Recent research out of American University, Colorado State University, and Montana State University delved into a correlation between workplace fatalities and the legalization of medical marijuana, and the discoveries could be surprising to many. The data points compiled fly in the face of anti-marijuana rhetoric that has been peddled as “common sense” for decades and show, in fact, a sharp decline in fatal workplace accidents as access to medical marijuana increases. The research is set to be published in The International Journal of Drug Policy, and according to a report from Colorado Springs Independent, the connection the research demonstrated between continuous decreases in fatalities in the workplace and medical marijuana is compelling.
Researchers compiled data from 1992 to 2015, providing a set that included the several years leading up to the passage of the Compassionate Use Act of 1996, which legalized medical marijuana in California, making it the first state to do so. The study followed other states as well and found that deaths from workplace accidents would drop about 34 percent after medical marijuana had been legal in that state for five years. The connection was most notable in the age group of 25- to 44-year-olds, which demonstrated a 19.8 percent reduction.
It was unclear what researchers would uncover going into the study given that there had never been an opportunity to collect this kind of data before. Additionally, it would seem reasonable that introducing a drug into society that had the potential for impairment could lead to an increase of incidents on the job, leading to more fatal accidents. Now that the numbers are demonstrating an opposite effect, however, we have an opportunity to learn more about cannabis and its effects.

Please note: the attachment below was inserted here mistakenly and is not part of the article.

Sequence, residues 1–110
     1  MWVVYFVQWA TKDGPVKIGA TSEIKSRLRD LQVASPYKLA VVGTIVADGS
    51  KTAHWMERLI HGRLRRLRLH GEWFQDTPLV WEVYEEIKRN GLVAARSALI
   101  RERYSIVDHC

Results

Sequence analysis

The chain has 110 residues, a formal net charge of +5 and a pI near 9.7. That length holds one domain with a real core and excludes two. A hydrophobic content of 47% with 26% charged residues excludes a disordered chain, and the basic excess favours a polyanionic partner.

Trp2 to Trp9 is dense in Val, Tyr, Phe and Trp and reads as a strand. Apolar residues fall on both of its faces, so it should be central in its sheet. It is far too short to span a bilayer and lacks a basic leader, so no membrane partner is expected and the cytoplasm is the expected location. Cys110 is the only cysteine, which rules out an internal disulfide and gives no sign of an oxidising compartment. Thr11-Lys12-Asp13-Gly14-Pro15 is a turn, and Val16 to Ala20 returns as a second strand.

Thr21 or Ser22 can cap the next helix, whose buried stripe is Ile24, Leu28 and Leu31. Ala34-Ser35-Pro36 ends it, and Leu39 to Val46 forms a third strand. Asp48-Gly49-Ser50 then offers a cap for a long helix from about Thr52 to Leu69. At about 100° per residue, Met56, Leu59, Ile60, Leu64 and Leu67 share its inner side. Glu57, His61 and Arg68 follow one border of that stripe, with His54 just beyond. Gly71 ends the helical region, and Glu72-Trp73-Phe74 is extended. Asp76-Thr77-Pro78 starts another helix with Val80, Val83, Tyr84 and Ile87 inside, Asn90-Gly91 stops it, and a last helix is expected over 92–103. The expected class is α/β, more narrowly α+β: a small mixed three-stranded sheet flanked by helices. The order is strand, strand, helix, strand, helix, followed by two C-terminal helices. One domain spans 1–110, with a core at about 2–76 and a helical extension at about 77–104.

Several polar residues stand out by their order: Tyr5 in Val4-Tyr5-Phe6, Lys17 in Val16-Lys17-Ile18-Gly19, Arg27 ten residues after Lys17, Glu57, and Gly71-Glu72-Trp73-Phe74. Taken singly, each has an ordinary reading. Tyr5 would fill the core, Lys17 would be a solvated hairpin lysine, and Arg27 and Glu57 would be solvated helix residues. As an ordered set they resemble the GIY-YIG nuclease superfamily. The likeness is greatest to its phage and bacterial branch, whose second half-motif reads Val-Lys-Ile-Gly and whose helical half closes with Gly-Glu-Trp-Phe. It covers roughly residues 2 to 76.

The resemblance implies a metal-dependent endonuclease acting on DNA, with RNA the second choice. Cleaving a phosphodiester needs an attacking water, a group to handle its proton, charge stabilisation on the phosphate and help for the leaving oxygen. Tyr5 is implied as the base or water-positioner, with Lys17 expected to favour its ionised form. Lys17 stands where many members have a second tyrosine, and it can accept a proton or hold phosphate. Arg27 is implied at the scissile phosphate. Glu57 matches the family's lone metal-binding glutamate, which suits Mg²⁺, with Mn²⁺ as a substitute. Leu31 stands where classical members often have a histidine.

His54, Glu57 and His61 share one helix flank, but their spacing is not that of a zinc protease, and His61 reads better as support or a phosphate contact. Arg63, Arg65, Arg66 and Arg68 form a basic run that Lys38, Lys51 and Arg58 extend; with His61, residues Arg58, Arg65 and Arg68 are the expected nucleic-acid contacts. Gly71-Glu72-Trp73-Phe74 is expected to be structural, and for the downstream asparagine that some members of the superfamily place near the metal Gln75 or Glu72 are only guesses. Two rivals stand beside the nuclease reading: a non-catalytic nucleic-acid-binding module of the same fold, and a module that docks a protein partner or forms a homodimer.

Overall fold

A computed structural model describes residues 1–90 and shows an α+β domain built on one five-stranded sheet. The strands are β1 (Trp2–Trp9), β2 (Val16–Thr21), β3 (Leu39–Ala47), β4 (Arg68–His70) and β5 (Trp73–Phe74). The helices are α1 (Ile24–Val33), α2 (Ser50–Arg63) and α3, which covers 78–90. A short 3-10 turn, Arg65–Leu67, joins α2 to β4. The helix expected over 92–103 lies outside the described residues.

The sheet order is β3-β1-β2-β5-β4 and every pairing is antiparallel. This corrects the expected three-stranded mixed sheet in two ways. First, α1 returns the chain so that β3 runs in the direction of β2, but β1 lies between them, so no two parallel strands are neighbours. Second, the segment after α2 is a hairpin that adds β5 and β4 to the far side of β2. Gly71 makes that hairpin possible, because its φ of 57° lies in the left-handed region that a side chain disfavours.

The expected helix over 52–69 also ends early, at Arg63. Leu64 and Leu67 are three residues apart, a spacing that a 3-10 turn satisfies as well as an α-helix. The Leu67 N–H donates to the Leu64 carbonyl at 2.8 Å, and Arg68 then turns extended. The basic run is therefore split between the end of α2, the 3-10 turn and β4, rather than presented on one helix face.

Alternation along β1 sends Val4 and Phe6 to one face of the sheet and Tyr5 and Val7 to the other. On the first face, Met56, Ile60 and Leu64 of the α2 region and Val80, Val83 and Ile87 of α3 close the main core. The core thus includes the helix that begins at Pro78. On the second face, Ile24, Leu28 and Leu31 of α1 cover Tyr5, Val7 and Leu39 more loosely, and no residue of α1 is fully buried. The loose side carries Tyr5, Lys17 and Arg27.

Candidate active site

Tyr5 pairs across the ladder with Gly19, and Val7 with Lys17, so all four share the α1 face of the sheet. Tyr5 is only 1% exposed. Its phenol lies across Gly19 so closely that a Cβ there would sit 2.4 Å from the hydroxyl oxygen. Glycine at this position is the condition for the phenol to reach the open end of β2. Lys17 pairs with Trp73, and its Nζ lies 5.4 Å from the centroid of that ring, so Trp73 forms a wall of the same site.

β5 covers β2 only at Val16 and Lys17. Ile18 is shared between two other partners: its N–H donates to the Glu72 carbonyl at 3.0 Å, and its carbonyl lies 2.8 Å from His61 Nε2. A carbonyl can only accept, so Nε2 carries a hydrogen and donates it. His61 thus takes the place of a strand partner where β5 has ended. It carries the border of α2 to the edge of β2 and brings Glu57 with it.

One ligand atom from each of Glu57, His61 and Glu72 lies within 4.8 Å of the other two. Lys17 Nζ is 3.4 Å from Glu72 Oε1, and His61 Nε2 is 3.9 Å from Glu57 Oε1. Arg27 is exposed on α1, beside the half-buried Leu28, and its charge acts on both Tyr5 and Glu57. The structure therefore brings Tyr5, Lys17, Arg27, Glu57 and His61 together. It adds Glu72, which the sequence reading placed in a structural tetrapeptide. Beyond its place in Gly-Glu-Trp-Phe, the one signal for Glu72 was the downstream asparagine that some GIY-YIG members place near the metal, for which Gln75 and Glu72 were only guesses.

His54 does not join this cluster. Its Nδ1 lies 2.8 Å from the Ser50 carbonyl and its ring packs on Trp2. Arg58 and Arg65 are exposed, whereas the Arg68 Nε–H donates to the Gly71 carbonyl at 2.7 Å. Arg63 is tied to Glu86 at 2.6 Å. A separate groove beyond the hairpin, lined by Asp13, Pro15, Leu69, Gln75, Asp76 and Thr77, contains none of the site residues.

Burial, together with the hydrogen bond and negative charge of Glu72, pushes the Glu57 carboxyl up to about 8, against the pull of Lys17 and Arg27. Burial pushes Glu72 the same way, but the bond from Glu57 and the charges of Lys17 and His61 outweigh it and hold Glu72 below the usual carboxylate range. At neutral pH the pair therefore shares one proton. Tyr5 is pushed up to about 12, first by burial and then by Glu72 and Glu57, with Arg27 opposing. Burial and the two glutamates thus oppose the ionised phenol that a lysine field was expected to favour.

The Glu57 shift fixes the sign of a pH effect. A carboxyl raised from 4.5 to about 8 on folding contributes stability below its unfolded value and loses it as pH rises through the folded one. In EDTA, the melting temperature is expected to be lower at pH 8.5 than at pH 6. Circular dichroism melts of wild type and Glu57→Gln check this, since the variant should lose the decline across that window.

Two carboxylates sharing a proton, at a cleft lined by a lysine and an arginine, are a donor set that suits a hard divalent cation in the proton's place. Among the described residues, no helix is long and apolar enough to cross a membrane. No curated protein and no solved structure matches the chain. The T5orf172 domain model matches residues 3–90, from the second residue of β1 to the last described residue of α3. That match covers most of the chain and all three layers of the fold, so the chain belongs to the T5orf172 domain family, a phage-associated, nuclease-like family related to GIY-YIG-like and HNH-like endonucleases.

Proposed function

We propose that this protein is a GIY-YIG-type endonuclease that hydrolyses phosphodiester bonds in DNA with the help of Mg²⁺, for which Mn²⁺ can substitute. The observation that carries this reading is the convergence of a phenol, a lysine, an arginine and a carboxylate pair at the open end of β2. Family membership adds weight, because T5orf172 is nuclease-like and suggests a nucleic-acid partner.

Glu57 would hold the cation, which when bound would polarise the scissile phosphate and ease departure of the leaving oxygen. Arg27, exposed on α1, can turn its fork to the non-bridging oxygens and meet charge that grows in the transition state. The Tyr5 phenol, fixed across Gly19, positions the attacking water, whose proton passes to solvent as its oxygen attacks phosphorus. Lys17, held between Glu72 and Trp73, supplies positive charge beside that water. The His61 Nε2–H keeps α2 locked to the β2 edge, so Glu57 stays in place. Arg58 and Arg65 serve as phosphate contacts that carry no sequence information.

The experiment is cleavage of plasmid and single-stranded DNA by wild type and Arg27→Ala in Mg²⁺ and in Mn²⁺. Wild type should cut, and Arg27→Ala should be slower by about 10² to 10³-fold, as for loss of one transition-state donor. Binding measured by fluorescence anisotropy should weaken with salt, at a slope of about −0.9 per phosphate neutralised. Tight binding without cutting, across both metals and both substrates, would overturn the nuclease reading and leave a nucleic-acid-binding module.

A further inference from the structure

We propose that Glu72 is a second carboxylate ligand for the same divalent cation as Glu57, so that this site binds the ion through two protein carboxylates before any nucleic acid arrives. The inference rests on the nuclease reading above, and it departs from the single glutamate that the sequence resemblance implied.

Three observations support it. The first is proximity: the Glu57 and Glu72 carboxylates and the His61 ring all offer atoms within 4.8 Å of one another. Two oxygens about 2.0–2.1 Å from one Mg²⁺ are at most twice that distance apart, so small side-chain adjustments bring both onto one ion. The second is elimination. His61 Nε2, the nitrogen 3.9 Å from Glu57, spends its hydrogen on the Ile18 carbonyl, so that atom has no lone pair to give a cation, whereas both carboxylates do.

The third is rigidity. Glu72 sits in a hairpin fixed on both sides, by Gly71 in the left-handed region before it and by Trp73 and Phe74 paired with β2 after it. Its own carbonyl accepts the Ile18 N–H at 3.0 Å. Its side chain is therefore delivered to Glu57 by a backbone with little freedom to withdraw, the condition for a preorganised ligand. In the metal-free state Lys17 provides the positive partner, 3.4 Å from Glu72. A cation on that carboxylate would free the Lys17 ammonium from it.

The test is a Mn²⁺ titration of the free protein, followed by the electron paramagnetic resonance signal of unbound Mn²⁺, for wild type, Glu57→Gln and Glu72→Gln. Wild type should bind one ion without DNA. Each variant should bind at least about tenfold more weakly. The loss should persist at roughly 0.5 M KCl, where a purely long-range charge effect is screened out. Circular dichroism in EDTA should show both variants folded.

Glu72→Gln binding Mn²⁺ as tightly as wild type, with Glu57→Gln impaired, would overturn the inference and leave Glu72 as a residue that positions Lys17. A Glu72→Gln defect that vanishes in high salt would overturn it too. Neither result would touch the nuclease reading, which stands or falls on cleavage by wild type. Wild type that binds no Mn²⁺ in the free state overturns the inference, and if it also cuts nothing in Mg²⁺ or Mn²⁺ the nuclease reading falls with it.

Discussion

One possible cause is what researchers call substitution theory. Our experienced Orange County medical marijuana lawyers can explain, substitution theory in simply when one factor in an observed setting is replaced by another. This, as it turns out, happens frequently when medical marijuana is introduced into an area, most significantly when chronic pain is a condition in which the state at-hand allows marijuana as a treatment. Frequently those with chronic pain turn to alcohol or strong, addictive painkillers, such as opioids.
If workers were turning to these substances during or before their shifts, the effects could be extremely negative, with impairments so severe it could easily lead to a fatal accident. If workers were to substitute these extreme forms of pain management with something like cannabis, they might experience some impairment for a limited time, but, as it’s turning out, not to the same effect of other previously more accessible substances. Of particular note is the use of CBD, in which patients would reap some of the benefits of cannabis without the sensation of feeling high. CBD does not have the psychoactive compounds of its cannabis sister THC, and therefore makes a very practical solution for those who need help with fewer impairment concerns. Ease of access also seemed to play a role, with significant drops in fatal accidents in areas where collective cultivation was permitted.
No one denies the need to set up common sense rules and structure around the use of cannabis, similarly to alcohol. The heavy-handed nature by which these rules have been handled, though, is clearly the aftermath of deep-seated propaganda and not in the reality of the dangers of this drug. In light of emerging data, our legal team hopes to see California join other states that have stepped up to protect the rights of workers who consume cannabis off-the-clock.
The Los Angeles CANNABIS LAW Group represents growers, dispensaries, collectives, patients, defendants, workers and those facing criminal marijuana charges. Call us at 714-937-2050.
Workplace Deaths Drop After States Legalize Medical Marijuana, By Kyle Jaeger, Aug. 10, 2018, Marijuana Moment
More Blog Entries:
Maine Won’t Punish Workers for Cannabis Use On Own Time, April 4, 2018, Cannabis Law Group